Emerging technologies – such as machine learning, artificial intelligence (AI), blockchain, Internet of Things (IoT), augmented reality, and 3-D printing – are swiftly disrupting several industries. To paraphrase Klaus Schwab, co-founder of the World Economic Forum, these mind-boggling innovations are redefining humanity, pushing the thresholds of lifespan, health, cognition, and capabilities in ways previously considered to be preserves of science fiction.
The possibilities presented by digital transformation are indeed captivating. The uses are as varied as the organizations putting them to use. Sensors attached to jet engines are transmitting signals mid-flight, enabling airlines to promptly detect sub-optimal performance and conduct pre-emptive maintenance, boosting safety and minimizing downtime. Physicians are replicating flesh and bones using 3-D technology to simulate high-risk surgical operations, lifting patients’ confidence and shortening their anaesthesia durations. Meanwhile blockchain – an open source, distributed ledger of everything – is being used to develop self-executing contracts, eliminating record labels and enabling artists to interact directly with consumers, maximizing their ingenuity rewards.
The benefits of digital transformation are unquestionable, but enterprises must manage these programs carefully. Here are three key recommendations:
Drive cultural change
Digital transformation transcends IT – it’s an enterprise-wide matter that requires unwavering commitment from the C-suite to front-line staff. To succeed, enterprises must place cultural change, not technology, at the core of their strategies. This requires eliminating unnecessary barriers to innovation, agility and change that exist within organizations, including breaking down functional silos and revising bureaucratic governance structures. As Jeffrey R. Immelt, CEO of General Electric, said, “You can’t have a transformation without revamping the culture and the established ways of doing things.”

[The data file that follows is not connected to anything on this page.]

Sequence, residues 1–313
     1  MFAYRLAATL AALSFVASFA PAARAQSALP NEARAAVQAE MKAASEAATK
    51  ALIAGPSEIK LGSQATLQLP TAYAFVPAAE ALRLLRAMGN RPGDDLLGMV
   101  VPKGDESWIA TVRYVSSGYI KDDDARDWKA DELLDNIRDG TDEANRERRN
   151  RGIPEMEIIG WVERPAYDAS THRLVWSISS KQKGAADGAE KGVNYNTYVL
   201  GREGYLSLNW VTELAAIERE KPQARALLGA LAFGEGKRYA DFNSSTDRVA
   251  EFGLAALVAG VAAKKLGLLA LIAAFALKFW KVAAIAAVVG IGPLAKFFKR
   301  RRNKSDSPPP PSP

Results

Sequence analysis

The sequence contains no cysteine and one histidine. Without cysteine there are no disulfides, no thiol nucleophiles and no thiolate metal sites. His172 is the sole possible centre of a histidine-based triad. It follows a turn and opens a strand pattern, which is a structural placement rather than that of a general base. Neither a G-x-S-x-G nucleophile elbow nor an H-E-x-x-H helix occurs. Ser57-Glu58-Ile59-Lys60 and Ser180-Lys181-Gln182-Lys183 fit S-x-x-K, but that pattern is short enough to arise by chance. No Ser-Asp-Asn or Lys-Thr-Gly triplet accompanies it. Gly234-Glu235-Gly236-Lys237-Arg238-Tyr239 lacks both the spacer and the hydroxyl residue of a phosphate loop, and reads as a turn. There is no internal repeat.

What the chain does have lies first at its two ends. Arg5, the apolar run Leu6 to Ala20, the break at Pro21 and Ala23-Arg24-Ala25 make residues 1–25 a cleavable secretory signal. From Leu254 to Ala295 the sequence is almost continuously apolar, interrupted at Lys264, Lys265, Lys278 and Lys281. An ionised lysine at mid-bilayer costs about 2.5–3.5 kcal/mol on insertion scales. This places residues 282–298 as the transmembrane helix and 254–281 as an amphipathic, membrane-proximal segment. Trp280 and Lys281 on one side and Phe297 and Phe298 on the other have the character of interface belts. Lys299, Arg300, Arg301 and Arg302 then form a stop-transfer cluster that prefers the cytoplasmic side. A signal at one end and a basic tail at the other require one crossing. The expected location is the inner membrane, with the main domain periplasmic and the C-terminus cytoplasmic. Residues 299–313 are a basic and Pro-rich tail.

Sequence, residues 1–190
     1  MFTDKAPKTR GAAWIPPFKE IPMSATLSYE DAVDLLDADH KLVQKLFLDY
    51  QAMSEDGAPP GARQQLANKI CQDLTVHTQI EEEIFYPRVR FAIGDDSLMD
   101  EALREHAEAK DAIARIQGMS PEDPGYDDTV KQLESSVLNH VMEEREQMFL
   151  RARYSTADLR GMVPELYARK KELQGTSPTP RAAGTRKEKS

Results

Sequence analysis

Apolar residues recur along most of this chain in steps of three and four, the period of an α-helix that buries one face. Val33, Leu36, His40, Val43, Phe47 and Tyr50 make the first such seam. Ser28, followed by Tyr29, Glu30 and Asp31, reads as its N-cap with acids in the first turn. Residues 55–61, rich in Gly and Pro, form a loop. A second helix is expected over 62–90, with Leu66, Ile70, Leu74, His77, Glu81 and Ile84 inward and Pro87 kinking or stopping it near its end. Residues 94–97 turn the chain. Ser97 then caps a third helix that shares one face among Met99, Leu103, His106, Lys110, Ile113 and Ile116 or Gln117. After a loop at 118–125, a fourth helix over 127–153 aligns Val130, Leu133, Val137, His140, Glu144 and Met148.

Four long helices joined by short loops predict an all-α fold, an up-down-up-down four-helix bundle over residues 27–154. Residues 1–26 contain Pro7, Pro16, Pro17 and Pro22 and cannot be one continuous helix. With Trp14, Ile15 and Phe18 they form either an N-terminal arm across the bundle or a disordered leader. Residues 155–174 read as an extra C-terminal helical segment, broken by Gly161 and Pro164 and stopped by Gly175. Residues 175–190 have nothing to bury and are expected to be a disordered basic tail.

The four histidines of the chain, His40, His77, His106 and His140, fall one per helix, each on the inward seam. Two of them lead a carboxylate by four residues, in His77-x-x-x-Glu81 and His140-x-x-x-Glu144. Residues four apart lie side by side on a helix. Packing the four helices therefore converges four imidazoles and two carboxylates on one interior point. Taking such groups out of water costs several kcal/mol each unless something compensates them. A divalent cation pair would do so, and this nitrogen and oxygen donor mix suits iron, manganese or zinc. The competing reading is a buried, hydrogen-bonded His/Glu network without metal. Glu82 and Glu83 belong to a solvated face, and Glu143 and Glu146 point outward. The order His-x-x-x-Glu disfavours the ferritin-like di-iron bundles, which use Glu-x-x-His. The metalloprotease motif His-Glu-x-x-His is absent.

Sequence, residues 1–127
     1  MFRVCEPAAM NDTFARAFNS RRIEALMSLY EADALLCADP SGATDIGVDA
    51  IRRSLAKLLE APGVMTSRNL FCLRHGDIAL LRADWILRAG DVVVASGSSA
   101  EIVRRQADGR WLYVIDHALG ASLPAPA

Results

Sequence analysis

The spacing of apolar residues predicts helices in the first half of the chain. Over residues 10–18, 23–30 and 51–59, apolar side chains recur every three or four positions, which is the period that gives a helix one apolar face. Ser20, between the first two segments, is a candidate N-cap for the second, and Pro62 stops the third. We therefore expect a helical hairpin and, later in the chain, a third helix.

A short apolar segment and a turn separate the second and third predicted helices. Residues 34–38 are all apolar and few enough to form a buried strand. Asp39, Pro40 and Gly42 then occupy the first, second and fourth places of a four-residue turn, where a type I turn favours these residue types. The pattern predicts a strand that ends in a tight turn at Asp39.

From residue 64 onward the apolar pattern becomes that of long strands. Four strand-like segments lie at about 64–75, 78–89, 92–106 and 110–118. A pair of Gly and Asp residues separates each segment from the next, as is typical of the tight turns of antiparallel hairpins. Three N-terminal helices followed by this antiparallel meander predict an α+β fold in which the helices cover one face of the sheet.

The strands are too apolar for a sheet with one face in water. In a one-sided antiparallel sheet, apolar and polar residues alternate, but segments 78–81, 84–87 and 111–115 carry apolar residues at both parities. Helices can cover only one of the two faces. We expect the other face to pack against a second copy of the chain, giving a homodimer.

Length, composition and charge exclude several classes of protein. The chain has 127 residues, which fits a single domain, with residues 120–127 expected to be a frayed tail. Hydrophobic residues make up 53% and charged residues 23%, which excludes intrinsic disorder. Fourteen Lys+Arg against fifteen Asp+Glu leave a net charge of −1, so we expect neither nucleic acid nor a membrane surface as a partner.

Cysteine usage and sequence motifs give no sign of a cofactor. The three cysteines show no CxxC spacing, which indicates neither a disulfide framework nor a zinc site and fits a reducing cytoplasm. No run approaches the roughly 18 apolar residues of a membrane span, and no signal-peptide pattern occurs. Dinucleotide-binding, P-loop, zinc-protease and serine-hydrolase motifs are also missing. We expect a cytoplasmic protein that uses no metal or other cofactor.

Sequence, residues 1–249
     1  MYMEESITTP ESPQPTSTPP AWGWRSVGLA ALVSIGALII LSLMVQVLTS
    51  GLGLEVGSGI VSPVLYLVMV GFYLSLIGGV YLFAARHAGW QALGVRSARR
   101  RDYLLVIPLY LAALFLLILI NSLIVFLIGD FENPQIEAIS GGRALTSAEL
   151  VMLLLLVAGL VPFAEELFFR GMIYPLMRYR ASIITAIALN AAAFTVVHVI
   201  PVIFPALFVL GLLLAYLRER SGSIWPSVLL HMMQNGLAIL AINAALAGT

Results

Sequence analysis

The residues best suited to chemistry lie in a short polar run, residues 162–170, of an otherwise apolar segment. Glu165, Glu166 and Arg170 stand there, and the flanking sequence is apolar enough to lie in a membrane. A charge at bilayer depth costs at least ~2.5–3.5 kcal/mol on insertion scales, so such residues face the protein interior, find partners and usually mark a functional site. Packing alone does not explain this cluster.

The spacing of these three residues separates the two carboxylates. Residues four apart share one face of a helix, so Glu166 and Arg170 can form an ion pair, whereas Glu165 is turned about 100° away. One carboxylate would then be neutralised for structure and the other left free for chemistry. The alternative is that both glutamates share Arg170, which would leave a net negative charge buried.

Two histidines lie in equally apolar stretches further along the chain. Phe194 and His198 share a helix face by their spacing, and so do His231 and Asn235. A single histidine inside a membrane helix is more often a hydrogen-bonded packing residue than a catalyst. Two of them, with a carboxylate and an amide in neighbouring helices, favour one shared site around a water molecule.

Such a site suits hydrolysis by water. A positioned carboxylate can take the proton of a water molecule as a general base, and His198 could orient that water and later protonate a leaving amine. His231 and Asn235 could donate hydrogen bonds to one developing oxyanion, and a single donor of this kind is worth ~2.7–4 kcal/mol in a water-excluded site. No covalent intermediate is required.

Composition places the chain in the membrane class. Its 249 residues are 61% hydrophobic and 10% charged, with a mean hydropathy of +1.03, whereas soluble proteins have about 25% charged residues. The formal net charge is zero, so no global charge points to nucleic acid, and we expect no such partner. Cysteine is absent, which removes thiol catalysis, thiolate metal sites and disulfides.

Leadership from the top is essential to establish vision, institute appropriate governance structures and drive cultural change during any major change, and digital transformation is no exception. Executive messages must be clear and consistent, persuading employees that creating a nimbler enterprise that can swiftly respond to market needs is an existential matter; status quo is untenable. This fosters an environment of trust and spurs employee engagement, prerequisites for success.
On the contrary, inconsistent messages fuel doubts, forcing employees to work in silos and resent change. This risk looms large when transformation is perceived as a threat to people’s jobs. Consistent with this view, the majority of respondents to the ISACA’s Digital Transformation Barometer rated AI and public cloud as top candidates to face organizational resistance. While initial reservations about public cloud are waning, migration efforts and radical process changes can pose such organizational challenges.
In the race to keep up with competitors, enterprises often have a disproportionate emphasis on the pace of transformation. Often, security and infrastructure considerations are afterthoughts, but such missteps can have lasting business repercussions.
Emerging technologies are exerting enormous pressure on traditional security models. For instance, billions of IoT devices with glaring vulnerabilities are integrating with critical infrastructure, creating numerous backdoors for malefactors to exploit. Cloud is enabling employees to bypass IT governance processes and export volumes of sensitive data to unsanctioned environments, aggravating the enduring shadow IT problem. At the same time, location-based applications collect troves of personal data, raising safety and privacy concerns. Each emerging technology presents new security issues, many of which have not been sufficiently evaluated nor understood.